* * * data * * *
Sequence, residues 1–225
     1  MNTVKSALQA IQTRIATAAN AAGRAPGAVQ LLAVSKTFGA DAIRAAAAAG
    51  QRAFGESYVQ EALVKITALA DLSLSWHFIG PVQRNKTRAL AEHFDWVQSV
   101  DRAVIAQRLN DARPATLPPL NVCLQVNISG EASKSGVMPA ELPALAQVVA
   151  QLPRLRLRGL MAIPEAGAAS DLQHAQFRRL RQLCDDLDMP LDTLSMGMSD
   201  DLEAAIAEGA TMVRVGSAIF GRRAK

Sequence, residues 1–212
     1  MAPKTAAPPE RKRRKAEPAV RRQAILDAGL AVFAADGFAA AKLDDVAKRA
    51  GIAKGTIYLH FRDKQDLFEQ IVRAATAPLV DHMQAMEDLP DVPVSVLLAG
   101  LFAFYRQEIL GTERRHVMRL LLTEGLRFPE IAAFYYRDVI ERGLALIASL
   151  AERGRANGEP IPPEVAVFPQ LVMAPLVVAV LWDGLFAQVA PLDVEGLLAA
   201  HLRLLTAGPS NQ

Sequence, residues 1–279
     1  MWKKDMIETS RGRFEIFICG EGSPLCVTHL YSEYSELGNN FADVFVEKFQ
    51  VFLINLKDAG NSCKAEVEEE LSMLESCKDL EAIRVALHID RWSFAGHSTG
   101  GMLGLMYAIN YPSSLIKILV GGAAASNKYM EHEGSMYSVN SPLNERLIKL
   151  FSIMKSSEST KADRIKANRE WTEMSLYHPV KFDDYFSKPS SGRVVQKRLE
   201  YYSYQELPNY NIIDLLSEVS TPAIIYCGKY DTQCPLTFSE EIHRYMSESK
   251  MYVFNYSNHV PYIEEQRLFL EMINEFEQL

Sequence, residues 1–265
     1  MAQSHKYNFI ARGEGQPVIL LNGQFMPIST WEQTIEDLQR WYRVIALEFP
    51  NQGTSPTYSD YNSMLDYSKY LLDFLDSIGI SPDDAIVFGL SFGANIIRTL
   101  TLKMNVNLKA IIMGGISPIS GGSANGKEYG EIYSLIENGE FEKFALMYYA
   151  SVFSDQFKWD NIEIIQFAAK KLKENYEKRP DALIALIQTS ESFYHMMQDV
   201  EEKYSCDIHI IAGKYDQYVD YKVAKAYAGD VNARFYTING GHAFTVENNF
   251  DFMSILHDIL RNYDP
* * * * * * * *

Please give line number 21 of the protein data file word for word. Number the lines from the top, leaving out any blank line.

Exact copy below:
     1  MAQSHKYNFI ARGEGQPVIL LNGQFMPIST WEQTIEDLQR WYRVIALEFP